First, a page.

The Ultimate Reward – From the Cut Flower Garden to the Vase

Just as a room is transformed by introducing green, growing plants, bringing flowers into your home enriches it with elements of beauty that are welcoming. The climate becomes warmer, friendlier and a place where people love to be. As we appreciate these gifts from nature their many colors and fragrances give our spirits a lift.

There is a genuine feeling of satisfaction achieved when arranging the variety of blooms harvested from the personal cut flower garden you’ve created. Some thoughtful planning will ensure delightful bouquets. Four important aspects to consider when selecting the plants or seeds for your garden are color, setting/size, season and scent (if desired). Bloom color could be chosen to coordinate or compliment room color. Possibly a cheerful display of mixed colors or even just a solitary color is your preference.

The details of matching the right size of the bouquet to the setting are essential. The size of a bouquet should be in proportion to the area it is to enhance. For example, taller, larger bouquets are a statement when placed on a kitchen island. Keeping the bouquet below eye level will allow good conversation around a dining room table. Mini bouquets are fun in the powder room and letting your house guest know how glad you are to see them by placing one of your garden bouquets in their quarters will bring a smile.

Depending on what seasons you hope to cut flowers and foliage will help determine what selections you will make in planning your garden. Early blooming bulbs planted in the fall such as daffodils, tulips and hyacinth will extend the cutting period by giving you color as early as April. Forcing flowering branches of forsythia, magnolia, and lilac in February and March also help bring spring indoors a little earlier. Ornamental grass plumes, sedum heads, echinacea, and asters all provide good late season cuts. Plant selection that stays in sync with Mother Nature offers a gradual change of choices as the cut flower season advances, stimulating creativity.

If a soothing or invigorating fragrance is desired this can be found in not only blooms but also in foliage. Arranging bunches of lavender, bee balm, roses, oriental lilies, lily of the valley or even herbs such as mint or rosemary will bring satisfying results.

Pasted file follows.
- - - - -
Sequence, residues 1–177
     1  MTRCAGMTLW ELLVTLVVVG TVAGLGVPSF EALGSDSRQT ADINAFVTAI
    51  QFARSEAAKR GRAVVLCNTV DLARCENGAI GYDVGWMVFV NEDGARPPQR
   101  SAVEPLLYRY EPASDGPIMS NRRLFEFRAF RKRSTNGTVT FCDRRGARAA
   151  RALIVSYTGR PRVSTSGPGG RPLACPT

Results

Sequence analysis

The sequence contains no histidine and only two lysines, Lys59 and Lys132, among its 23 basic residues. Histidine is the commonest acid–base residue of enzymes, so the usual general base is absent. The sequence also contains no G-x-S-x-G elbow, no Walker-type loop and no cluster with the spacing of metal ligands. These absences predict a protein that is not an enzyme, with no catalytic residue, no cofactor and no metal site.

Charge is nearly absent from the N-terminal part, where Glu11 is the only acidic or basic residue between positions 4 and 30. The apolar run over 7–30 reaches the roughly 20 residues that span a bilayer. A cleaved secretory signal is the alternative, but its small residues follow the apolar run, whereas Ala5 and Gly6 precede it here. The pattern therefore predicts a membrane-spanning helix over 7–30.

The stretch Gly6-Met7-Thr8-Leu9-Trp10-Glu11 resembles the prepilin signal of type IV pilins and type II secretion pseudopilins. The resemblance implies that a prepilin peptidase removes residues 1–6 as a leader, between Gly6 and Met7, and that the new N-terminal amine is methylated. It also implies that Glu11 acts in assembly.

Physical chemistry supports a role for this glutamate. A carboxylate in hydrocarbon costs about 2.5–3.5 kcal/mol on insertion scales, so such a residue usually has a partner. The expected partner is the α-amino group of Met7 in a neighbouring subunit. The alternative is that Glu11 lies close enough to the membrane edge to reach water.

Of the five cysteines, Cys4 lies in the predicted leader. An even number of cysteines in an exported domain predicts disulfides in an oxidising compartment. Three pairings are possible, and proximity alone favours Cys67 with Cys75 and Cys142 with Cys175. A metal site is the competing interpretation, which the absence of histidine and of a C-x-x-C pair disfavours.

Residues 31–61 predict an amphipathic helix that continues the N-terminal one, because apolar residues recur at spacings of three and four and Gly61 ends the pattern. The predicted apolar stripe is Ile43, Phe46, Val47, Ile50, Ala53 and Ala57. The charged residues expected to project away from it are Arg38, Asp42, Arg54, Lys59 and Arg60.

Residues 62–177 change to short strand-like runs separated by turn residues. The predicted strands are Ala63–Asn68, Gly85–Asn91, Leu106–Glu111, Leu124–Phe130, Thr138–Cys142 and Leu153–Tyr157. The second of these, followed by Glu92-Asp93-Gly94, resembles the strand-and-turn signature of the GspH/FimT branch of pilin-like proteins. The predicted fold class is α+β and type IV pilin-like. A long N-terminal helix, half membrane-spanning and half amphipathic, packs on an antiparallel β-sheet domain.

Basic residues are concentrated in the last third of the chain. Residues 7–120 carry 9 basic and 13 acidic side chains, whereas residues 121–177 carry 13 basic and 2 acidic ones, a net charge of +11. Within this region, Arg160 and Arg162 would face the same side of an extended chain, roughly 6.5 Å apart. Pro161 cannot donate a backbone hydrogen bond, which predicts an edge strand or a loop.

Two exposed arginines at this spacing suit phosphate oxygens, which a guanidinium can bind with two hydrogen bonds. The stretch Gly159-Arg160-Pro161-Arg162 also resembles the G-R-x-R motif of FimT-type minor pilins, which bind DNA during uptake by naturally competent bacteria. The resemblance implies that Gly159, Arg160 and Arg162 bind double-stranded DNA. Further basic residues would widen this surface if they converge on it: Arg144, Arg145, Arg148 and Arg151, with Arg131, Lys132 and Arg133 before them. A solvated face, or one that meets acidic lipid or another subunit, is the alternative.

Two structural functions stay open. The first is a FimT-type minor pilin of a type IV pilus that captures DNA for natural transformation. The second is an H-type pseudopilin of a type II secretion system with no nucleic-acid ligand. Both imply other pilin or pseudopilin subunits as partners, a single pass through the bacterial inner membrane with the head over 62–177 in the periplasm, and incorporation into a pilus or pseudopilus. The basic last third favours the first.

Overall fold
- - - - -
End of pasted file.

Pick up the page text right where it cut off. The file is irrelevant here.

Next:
Incorporating the use of a combination of annuals, perennials, bulbs and even shrubs creates an interesting collection of cuts to work with. Annuals perform throughout the summer months giving a succession of color. Many perennials re-bloom and provide flower shapes not found in annuals. Summer blooming bulbs such as gladiolus and allium have unique characteristics. Several bloom head colors and shapes are found in the different varieties of hydrangea shrubs available. Hydrangea blooms offer long lasting vase life.

It’s key to use several different bloom shapes including spikes, daisy shaped, tubular, cup, cluster, ball, flat, spider and trumpet in a cut flower garden design. Some plants also offer interesting seed heads after blooming that work well into a bouquet like baptisia, the annual poppy, Siberian iris and the hyacinth bean vine. Filler for the garden bouquets is produced from foliage of variegated solomon’s seal, heuchera, baptisia, ferns, grasses, and coleus.

Whether your goal is to fill your home with simple bouquets with a minimum of fuss, or ones with an artistic flair, the beauty of flowers is beneficial to us when a part of our daily lives. They can help us connect with others by sharing a gift of garden flowers arranged in a jelly jar to a friend or neighbor. Our passion for gardening and its’ bounty, from the garden to the vase, gives us the ultimate reward.

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